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The Voice of the Irish Republican Movement.
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REPUBLICANS everywhere were shocked at the sudden death on May 18 of Seán Mac Stíofáin, former Chief of Staff, Irish Republican Army. He was 73.
Although he had suffered a stroke in 1993, he had recovered and appeared to be in excellent health when he attended a meeting of the Coiste Gnó (Ard Chomhairle) of Conradh na Gaeilge three weeks before his passing.
Born in London in 1928, his father was English and his mother Irish – from Belfast. From his boyhood as he said in his autobiography Memoirs of a Revolutionary (published Gordon Cremona 1975) he always felt Irish and in time gave his allegiance to Ireland.
Many of the 1916 Volunteers who came over from England, Scotland and Wales for the Rising spoke with accents similar to Seán Mac Stíofáin, as did some of the men and women who were imprisoned for their part in the IRA’s Sabotage Campaign in England in 1939-40.
The young Mac Stíofáin travelled a road familiar to many Irish people of his generation. He first joined Conradh na Gaeilge, then the Irish Anti-Partition League, bought the United Irishmen, sold the paper himself, joined Sinn Féin in London and eventually in 1949 helped to organise a unit of the IRA.
As were many Irish people of that period he was moved by the anti-colonial struggles against British Imperialism throughout the world; in Kenya, in Malaya and other places after WWII the lead was given.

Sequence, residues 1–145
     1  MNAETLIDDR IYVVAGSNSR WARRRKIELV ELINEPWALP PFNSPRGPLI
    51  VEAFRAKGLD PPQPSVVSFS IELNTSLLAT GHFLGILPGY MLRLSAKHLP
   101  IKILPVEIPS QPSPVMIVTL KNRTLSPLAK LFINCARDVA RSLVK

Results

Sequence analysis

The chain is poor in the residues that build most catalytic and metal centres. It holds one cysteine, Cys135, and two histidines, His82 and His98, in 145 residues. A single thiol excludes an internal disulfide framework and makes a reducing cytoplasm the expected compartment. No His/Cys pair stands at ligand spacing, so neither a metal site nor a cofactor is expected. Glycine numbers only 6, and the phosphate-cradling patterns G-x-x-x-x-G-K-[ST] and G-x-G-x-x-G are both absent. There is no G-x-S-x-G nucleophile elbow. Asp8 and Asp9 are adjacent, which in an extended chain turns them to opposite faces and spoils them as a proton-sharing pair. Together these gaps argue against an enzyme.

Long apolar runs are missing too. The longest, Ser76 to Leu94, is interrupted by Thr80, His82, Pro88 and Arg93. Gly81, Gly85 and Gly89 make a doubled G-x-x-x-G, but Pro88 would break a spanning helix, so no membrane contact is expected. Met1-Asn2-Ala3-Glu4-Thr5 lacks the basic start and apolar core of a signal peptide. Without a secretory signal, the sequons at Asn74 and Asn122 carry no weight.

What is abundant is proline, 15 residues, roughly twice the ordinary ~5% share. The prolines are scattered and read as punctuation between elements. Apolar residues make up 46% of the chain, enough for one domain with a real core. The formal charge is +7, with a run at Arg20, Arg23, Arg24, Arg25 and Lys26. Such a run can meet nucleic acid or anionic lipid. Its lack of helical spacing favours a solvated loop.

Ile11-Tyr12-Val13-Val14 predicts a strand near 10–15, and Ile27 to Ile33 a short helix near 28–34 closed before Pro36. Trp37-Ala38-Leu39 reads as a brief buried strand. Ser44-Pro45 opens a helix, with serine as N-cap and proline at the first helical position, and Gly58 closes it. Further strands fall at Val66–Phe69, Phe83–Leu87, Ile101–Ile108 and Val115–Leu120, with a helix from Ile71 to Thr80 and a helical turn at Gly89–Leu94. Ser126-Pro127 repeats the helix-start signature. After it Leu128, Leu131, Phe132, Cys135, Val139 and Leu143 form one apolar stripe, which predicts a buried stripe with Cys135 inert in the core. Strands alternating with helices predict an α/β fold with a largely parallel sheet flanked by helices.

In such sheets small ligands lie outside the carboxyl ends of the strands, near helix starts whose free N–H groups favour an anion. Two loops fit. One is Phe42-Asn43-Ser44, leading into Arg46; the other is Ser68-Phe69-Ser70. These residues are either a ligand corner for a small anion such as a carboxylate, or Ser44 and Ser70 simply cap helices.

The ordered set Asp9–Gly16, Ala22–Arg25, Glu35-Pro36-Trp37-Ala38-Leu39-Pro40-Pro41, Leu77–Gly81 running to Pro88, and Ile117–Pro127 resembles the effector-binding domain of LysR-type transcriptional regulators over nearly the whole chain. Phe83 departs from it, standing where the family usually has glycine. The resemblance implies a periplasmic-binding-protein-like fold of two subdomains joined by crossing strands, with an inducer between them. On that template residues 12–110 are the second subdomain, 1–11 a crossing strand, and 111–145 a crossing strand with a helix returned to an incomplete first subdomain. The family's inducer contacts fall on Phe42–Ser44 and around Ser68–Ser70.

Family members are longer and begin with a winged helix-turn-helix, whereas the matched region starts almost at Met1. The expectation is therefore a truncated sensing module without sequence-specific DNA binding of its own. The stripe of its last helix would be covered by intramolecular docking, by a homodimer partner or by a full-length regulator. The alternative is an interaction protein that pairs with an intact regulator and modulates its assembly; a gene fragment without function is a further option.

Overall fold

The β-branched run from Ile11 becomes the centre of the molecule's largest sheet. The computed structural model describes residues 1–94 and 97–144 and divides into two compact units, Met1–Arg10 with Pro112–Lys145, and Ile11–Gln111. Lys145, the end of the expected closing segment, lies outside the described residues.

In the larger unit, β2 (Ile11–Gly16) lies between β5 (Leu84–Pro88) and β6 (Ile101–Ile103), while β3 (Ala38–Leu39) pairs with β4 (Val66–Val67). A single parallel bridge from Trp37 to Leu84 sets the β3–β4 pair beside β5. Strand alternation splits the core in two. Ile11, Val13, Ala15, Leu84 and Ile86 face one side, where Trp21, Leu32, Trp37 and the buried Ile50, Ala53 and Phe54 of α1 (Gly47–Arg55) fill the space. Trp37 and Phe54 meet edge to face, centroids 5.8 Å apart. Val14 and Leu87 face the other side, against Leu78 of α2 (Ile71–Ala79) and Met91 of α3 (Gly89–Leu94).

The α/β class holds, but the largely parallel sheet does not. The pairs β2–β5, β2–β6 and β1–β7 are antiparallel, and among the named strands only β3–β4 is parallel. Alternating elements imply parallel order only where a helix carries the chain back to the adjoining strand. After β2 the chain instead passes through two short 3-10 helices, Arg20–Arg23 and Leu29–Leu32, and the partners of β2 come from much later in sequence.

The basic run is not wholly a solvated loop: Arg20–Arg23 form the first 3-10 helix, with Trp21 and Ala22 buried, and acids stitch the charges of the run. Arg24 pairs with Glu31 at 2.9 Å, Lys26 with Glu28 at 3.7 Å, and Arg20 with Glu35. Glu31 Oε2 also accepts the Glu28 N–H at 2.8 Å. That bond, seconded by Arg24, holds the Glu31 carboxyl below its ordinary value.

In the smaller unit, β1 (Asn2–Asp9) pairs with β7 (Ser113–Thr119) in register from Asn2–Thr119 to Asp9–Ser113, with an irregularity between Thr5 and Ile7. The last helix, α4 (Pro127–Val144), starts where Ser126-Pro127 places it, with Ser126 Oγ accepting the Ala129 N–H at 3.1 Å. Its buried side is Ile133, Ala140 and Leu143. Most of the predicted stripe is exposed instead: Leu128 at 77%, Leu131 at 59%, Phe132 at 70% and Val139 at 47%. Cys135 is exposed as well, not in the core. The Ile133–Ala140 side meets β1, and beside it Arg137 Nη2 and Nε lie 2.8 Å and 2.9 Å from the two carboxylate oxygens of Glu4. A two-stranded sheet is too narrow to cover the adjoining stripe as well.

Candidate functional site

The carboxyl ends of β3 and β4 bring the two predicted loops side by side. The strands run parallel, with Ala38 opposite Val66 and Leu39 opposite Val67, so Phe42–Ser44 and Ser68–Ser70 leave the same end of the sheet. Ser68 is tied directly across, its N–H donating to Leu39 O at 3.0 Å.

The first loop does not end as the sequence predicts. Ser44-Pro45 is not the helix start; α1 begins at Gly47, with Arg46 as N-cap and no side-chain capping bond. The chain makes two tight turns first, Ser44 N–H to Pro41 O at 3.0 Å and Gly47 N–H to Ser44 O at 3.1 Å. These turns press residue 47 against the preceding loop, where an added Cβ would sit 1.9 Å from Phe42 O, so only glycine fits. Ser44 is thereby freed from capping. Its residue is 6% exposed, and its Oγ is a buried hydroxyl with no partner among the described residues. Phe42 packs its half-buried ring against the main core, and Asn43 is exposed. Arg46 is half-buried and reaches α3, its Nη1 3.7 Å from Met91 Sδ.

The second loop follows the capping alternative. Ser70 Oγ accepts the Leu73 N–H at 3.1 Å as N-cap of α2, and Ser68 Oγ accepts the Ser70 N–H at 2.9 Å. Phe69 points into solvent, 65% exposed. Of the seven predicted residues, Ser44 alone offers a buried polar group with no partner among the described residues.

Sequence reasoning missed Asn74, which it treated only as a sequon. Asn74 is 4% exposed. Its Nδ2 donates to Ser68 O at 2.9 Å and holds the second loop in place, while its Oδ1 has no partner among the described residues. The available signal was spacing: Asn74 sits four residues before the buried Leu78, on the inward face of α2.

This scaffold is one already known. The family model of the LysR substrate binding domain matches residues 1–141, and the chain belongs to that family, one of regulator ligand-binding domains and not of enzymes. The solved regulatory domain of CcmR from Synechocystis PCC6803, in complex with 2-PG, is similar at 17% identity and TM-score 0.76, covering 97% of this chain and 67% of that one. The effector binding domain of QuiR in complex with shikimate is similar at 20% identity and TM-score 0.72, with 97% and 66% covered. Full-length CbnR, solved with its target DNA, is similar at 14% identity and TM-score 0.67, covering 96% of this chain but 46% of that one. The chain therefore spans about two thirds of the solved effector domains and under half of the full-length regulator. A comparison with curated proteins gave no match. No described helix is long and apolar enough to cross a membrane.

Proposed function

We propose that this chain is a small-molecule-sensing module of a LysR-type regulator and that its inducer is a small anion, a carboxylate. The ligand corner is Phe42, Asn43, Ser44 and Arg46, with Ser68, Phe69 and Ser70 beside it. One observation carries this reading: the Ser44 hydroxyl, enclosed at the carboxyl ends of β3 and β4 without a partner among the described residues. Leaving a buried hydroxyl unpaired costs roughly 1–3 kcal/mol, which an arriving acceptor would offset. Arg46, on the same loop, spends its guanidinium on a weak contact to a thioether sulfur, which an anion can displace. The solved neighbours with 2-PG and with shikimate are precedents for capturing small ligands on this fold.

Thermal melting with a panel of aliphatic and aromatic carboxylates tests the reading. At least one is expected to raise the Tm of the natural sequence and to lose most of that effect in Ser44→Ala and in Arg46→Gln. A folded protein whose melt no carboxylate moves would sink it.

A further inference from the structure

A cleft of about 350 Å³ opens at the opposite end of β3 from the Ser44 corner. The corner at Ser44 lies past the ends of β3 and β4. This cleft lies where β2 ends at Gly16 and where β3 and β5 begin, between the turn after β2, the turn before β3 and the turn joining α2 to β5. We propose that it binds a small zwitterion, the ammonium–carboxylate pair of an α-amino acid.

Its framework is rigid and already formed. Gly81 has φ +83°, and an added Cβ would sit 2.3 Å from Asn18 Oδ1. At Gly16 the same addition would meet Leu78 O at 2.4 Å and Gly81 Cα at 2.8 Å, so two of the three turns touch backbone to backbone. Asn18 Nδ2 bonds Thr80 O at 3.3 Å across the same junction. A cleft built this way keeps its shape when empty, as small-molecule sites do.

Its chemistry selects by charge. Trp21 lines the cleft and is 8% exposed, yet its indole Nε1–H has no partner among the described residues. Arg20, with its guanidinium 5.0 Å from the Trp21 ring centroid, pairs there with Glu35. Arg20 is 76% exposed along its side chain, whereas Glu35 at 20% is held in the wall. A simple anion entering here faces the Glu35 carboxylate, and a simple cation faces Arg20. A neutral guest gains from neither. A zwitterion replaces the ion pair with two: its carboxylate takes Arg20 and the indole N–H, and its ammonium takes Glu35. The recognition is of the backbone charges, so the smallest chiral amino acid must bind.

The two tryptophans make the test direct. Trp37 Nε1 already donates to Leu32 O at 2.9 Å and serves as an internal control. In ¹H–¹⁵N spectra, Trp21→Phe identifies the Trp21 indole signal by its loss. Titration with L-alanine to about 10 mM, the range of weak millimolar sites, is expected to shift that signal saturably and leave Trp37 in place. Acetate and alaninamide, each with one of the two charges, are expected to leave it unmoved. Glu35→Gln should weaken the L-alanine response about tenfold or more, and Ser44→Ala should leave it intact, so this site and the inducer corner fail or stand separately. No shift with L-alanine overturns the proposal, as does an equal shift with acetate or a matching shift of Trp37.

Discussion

He was married in 1949 to Máire, an Irish girl from Castletownroche, Co Cork. They had two daughters, Catherine and Máire Óg. A third girl, Sinéad, was born much later in Ireland in 1969.
With Manus Canning of Derry city and Cathal Goulding of Dublin he was captured in 1953 and sentenced to eight years in prison. They had raided an Officers’ Training Corps armoury at Felstead School in Essex and seized 99 rifles, eight Bren guns, ten Sten guns, a Piat anti-tank gun, a 2-inch mortar and a Browning machine-gun.
In Wormwood Scrubs prison, London, Seán and Manus met and were associated with the EOKA fighters from Cyprus who were struggling against British rule also. Old EOKA prisoners sent a wreath to the funeral and a statement of support and sympathy per Séamus Murphy who was in prison with them in Wakefield.
Seán Mac Stíofáin came to Ireland in 1958 following his release and immediately became active again in Cork. He spoke at Bodenstown in 1959.
He was prominent in agitations in Midleton against ground-rent landlordism and against foreign buy-outs of Irish farmland in Co Meath where he moved with his family in 1966.
By this time he was a member of the IRA leadership and he trenchantly opposed the moves – underway from 1964 – to convert the Movement into a constitutional political party accepting Westminster, Stormont and Leinster House.
When the Six Occupied Counties “exploded” in 1969 he was to the fore in providing defensive measures for the nationalist population there.
He led the opposition to the proposal to accept enemy parliaments at the IRA Extraordinary Convention in December 1969 and told those who embraced constit-utionalism that they “were no longer the IRA”.
Working closely with faithful Volunteers in Belfast he quickly organised a Special Convention of the opposition delegates and the delegates who had been denied admittance to the Extraordinary Convention.
They elected a Provisional Army Executive and Provisional Army Council and secured recognition as the lawful leadership of the IRA from Comdt-General Tom Maguire, last and faithful surviving Deputy of the All-Ireland Dáil of 1921.